Graduate Students in Biomedical Engineering Present Research at TGIF! Symposium Series

Jakob Hockman presents to graduate students and faculty of the Department of Biomedical Engineering.
Photo by Elizabeth DeMeo

Jakob Hockman presents to graduate students and faculty of the Department of Biomedical Engineering.

On Friday, Sept. 9, three graduate students in biomedical engineering each stood for 20 minutes before a room full of their peers and professors. The students—Ishita Tandon, Jakob Hockman, and Xiaoquan Sun—were asked to describe their research on the chalk/whiteboard using minimal powerpoint slides, and field whatever questions arose from their audience on the fly.

If this sounds a little nerve-wracking, that's precisely the point — these presentations are part of the Department of Biomedical Engineering's new TGIF! Graduate Research Symposium series, which is coordinated by assistant professor Kartik Balachandran to help graduate students prepare for future presentations to colleagues.

Balachandran said, "The objective is to train our students to think scientifically on their feet under pressure."

Raj Rao, head of the Department of Biomedical Engineering, added, "The purpose of our TGIF! Research Symposium is to present our faculty and students an opportunity to get together in an informal setting and 'clinically dissect' ideas and research findings. This is a wonderful learning experience for our students and presents avenues to hone presentation skills as well."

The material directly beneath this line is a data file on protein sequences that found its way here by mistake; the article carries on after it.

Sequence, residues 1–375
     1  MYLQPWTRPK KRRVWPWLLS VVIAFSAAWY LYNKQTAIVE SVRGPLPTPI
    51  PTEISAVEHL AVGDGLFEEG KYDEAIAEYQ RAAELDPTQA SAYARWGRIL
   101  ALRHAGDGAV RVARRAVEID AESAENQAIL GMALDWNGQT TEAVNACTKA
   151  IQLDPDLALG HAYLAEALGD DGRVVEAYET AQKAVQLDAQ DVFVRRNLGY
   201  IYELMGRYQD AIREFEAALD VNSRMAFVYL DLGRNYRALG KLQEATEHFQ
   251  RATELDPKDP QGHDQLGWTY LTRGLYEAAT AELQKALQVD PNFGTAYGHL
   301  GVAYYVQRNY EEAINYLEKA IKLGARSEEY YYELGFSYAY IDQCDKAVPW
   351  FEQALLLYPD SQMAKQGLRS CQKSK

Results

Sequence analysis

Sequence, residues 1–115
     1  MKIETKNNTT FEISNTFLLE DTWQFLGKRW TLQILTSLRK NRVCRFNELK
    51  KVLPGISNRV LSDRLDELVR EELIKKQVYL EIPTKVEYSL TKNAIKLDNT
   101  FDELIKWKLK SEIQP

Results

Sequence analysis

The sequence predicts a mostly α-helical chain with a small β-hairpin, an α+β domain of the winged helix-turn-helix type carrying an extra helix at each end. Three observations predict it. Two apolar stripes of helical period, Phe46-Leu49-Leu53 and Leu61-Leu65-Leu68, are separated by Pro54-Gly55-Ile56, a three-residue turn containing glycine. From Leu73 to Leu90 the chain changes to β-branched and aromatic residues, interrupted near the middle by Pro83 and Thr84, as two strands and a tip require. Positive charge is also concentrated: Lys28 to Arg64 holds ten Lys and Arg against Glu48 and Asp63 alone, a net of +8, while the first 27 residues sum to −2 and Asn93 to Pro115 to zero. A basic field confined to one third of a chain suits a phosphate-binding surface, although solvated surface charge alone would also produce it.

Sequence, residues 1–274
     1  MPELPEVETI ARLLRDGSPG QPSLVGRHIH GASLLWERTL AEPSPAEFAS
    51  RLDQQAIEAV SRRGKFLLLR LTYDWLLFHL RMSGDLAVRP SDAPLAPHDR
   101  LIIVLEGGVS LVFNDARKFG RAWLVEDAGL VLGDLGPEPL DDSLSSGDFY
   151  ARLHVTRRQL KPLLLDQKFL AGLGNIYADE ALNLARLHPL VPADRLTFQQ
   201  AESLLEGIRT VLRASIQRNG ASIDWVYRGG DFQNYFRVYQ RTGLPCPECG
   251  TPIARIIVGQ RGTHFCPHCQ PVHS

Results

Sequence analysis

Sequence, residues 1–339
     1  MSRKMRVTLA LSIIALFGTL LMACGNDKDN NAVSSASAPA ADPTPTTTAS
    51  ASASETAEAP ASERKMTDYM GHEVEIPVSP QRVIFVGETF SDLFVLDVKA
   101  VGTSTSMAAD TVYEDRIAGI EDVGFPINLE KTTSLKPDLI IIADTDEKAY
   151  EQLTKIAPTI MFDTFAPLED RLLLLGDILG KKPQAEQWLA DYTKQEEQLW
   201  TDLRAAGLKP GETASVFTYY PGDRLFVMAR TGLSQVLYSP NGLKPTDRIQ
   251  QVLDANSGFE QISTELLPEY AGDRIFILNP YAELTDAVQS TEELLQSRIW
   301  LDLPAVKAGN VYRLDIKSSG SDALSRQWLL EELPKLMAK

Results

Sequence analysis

Ishita Tandon presents to assistant professor Kartik Balachandran.

Following the presentations, the students received feedback on both content and style, ranging from tips on how to make research more accessible to how to best arrange information. Hockman, who delivered a talk on modeling nano building block (nBlocks) and controlling plasmonic response of nanomaterials and nanoparticles, said, "It was more intense than I was expecting but it was more fun too. I got stumped by a few of the questions they asked but they were good questions and helped me learn more about the subject I'm studying. I'm glad I got to experience talking to a room full of very well-educated people — better to try it now rather than wait until there is a degree or a job on the line!"

Sun, who discussed molecular dynamics simulations of poly(N-vinylcaprolactam) (PVCL), said, "It was helpful to have to capture and hold the audience's attention on some key points instead of presenting tons of information from 20 or 30 slides."

Xiaoquan Sun presents to graduate students and faculty of the Department of Biomedical Engineering. 

As the semester continues, the Department will hold four additional TGIF! Research Symposiums. Note that the talks are held at 11:30 a.m. in ENGR 304 on select Fridays, and open to all graduate students, faculty and staff of the Department of Biomedical Engineering.

The upcoming schedule is as follows:

  • Sept. 30: Garrett Easson, Prashanth Ravishankar
  • Oct. 28: Alan Woessner, Jessica Morales
  • Nov. 11: Jake Jones, John Kim
  • Dec. 2: Curran Henson, Gabby Compton

 

Contacts

Elizabeth DeMeo, media specialist
Biomedical Engineering
479-575-4667, eademeo@uark.edu


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